Sunday, March 02, 2014

Linnea Glatt

Nature's Morse 2013, Thread on sized mulberry paper - set of 5 at 18 x 18" re-post of my past article

Last month I had the pleasure of dropping by Barry Whistler while they were officially closed. The gallery was installing a show titled Incre-Mental by artist Linnea Glatt. I came in unannounced and uninvited, however, as I stumbled in I was greeted by Linnea Glatt. She was sitting at a table and attempted to work out the display of her shredded books. I wasn't chased out, but rather given a personal tour by Glatt and this was even before I mentioned that I wrote for

I say shredded, but really these books are carefully disassembled textiles that have had each page de-threaded. I can imagine all those Derridans getting a chuckle out of Glatt’s approach of deconstructing the book. Eventually the books were displayed along the brick wall on Barry Whistler’ s long white table. The act of pulling the threads also applied to a series of square textiles in frames in the same room as the books. Visually these four pieces told a story about Glatt’s process. You could tell there was a system involved that allowed her to find her stopping points. For me, pulling thread would be an enjoyable pastime, but I would never end up with an interesting product. Where I would fail, Glatt accomplishes not only sublime, quite minimal images, but also she manages to create in her work a simple narrative. With my Western tendencies, I read these works right to left which leads to a path of destruction. With a title like De-construct, she intends for you to read it this way. Glatt’s objects move from a simple cross shape in the first work to various rectangles that could be a white painting by Piet Mondrian in the last piece.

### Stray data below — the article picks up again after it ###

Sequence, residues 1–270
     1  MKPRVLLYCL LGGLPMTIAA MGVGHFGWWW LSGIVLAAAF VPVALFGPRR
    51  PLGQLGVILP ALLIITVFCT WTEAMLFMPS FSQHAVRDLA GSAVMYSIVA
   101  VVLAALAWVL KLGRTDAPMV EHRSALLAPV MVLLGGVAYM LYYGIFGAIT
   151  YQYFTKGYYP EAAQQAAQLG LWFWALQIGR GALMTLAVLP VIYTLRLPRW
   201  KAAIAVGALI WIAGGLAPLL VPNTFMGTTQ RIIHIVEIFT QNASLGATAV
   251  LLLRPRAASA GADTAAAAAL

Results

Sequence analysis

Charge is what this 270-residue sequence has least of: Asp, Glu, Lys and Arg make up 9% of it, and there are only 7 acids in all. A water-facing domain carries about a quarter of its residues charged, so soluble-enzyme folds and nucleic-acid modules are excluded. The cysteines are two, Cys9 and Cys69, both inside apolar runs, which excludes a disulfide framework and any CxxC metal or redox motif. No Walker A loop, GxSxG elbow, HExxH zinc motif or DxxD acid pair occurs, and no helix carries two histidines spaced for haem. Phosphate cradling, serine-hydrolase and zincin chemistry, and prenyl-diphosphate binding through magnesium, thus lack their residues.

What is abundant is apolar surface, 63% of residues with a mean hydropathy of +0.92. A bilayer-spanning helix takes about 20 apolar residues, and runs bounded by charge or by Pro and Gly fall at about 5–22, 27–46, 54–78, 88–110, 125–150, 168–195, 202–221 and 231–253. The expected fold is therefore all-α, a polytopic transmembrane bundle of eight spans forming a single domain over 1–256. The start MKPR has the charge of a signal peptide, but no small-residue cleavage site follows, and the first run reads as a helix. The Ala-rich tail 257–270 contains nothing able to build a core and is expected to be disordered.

In the main gallery, Glatt has created a large work that uses two pieces of paper sewn together, which creates a seam right down the middle of her work. Glatt said she wanted to work with this paper, but she could not find the size she needed. So, this is not an arbitrary seam, but rather a way to solve her problem while still maintaining the conceptual ideas of sewn line. This work is populated by small little thread knots. Because this was just the installation phase of the show, I was able to see a bit of the process left unseen during the show. Like in the work titled Nature’s Morse, you see the dots run down the paper in an orderly straight line to form a circle, but hidden behind is a chaotic maze of strings.

Linnea Glatt and the Barry Whistler Gallery have had plenty of time to make adjustments to the show that opens September 14th this Saturday, so I am looking forward to seeing the changes and I am also excited to talk with Glatt about her final choices for the installation. for more images.

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